Photo: David Westenhaver. This one-acre space near a Parkchester park was initially projected as an area to cap over with park space.

Plan to cap Cross Bronx Expressway moves to next steps

The long sought-after goal to “cap” the Cross Bronx Expressway by building parks over it has found new life, with Sen. Chuck Schumer and other New York politicians throwing their support behind using the recently approved $1 trillion infrastructure plan to fund it.

The politicians said at a Nov. 9 press conference that capping the Cross Bronx would improve hundreds of thousands of lives throughout the borough by reducing air pollution, building park space, and connecting communities that the road divides. But challenges remain.

A $2 million feasibility study will determine the potential cost and impact of the project. Then the politicians must secure funds for the project, which they say will be paid for with federal money. Proponents and skeptics worry that rents and property taxes will increase, forcing local residents out so that wealthier people can move in.

Nilka Martell, a longtime advocate for capping the highway and founder of environmental nonprofit Loving the Bronx, sees capping as an opportunity to benefit the people who have suffered from asthma and other health issues caused by living near the congested highway. 

“How do we ensure that the people that currently live along the Cross Bronx, who have been impacted by this, how do we ensure that they get to stay and that they can benefit from a project of this magnitude?” Martell said.

The 6.5-mile Cross Bronx Expressway is one of the busiest highways in America, according to transportation analytics company INRIX. The current plan would cap, or deck, all of the highway’s below-ground sections, about 2.5 miles. Capping reduces pollution by filtering exhaust before releasing it into the air. Building parks on the capped portion will reconnect communities and add green space in an area that needs it.

The plan would add more than 1 million square feet of park space to the Bronx, according to a study in the American Journal of Public Health.

Rep. Richie Torres, whose district includes Hunts Point and Mott Haven, played a key role in advocating for the project, highlighting his own experience growing up in the borough’s Asthma Alley.

“As a child of the Bronx, my childhood was often an endless stream of asthma attacks and asthma hospitalizations,” Torres said. “We have to send a message that clean air is not a privilege, but a right.”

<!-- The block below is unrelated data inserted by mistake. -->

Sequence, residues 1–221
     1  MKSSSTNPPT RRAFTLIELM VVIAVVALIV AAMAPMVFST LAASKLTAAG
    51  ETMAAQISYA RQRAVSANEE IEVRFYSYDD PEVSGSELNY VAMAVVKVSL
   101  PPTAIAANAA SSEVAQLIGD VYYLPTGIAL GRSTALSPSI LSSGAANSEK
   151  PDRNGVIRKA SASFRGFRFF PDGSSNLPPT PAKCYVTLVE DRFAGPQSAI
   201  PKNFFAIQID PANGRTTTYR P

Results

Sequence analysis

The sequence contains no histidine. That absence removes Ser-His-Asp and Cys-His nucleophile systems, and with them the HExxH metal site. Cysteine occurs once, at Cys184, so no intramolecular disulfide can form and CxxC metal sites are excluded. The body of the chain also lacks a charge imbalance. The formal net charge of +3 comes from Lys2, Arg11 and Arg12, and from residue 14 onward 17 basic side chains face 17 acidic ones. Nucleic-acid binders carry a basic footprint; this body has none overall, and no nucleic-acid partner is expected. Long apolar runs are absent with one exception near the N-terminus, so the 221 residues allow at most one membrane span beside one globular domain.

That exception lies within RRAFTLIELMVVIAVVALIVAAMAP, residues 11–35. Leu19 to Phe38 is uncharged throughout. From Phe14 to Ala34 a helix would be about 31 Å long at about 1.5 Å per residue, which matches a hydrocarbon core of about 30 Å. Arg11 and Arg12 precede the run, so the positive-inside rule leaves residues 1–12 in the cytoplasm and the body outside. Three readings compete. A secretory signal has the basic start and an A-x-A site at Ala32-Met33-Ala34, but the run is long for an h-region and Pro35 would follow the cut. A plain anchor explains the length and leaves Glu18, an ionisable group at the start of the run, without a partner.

Schumer focused on the economic benefits of the plan, saying, “This is going to create tens of thousands of new good-paying jobs. And we want to make sure people in this community are trained, because we’re going to need many more workers.”

He also suggested that sound barriers along the above-ground portions could improve conditions for residents near the parts of the highway that can’t be capped.

Schumer said that the $1 billion project will be funded by the recently passed infrastructure bill and the Build Back Better bill, which has yet to make it through Congress. The two bills will allocate at least $12 billion to projects like capping highways, according to Schumer.

Some infrastructure experts argue that the project will cost much more than Schumer’s suggested price tag, even enough to threaten the project’s eventual completion.

Liam Blank, a policy manager at the Tri-State Transportation Campaign, said that the Cross-Bronx’s design and congestion will make the project more expensive.

“It wasn’t built with the intention of ever being capped over,” Blank said in reference to the Cross Bronx. “As soon as you start disrupting traffic and having to build around one of the most congested parts of highway in the country, that automatically elevates the cost substantially.”

Blank added that the cost of diverting traffic for construction could delay the project by years. There currently is no timeline for completing the project. Still, Blank expressed optimism about the project’s impact: “You really could be creating a catalyst for economic development along that corridor.”

One widely-shared concern is that investment in parks will raise property taxes and rents, possibly leading to gentrification throughout the neighborhoods along the Cross Bronx. 

Martell contends that will depend on the state’s and city’s willingness to work with the community to ensure that the project is done in the best interests of the current residents.

“There are different programs on the state level to ensure that when property values go up, homeowners are able to stay with their properties, but there’s nothing about renters,” Martell said. Still, she is confident that the community can find a solution that will work for everyone, despite the challenges.

Martell fought for much of the past five years to cap the highway, but she said that President Joe Biden’s emphasis on infrastructure spending meant that now was the time. With the support of Assemblymember Karines Reyes and Torres, two health-conscious Bronx politicians, the fight may finally have been won. 

“I’m just hoping that, over time, people can see that this is a possibility, and maybe it can serve as a catalyst for other highways in the Bronx, and throughout New York City,” Martell said.